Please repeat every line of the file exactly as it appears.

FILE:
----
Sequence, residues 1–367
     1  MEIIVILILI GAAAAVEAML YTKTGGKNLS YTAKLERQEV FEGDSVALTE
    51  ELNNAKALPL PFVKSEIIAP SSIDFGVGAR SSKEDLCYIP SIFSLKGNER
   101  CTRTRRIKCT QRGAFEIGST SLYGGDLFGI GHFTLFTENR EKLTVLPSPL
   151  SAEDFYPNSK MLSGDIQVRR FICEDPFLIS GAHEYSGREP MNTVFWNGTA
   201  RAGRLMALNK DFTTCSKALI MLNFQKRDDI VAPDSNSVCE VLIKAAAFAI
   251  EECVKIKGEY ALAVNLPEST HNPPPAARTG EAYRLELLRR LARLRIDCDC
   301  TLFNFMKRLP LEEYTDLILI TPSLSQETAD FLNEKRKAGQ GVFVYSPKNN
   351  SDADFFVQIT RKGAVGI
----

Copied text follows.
Sequence, residues 1–367
     1  MEIIVILILI GAAAAVEAML YTKTGGKNLS YTAKLERQEV FEGDSVALTE
    51  ELNNAKALPL PFVKSEIIAP SSIDFGVGAR SSKEDLCYIP SIFSLKGNER
   101  CTRTRRIKCT QRGAFEIGST SLYGGDLFGI GHFTLFTENR EKLTVLPSPL
   151  SAEDFYPNSK MLSGDIQVRR FICEDPFLIS GAHEYSGREP MNTVFWNGTA
   201  RAGRLMALNK DFTTCSKALI MLNFQKRDDI VAPDSNSVCE VLIKAAAFAI
   251  EECVKIKGEY ALAVNLPEST HNPPPAARTG EAYRLELLRR LARLRIDCDC
   301  TLFNFMKRLP LEEYTDLILI TPSLSQETAD FLNEKRKAGQ GVFVYSPKNN
   351  SDADFFVQIT RKGAVGI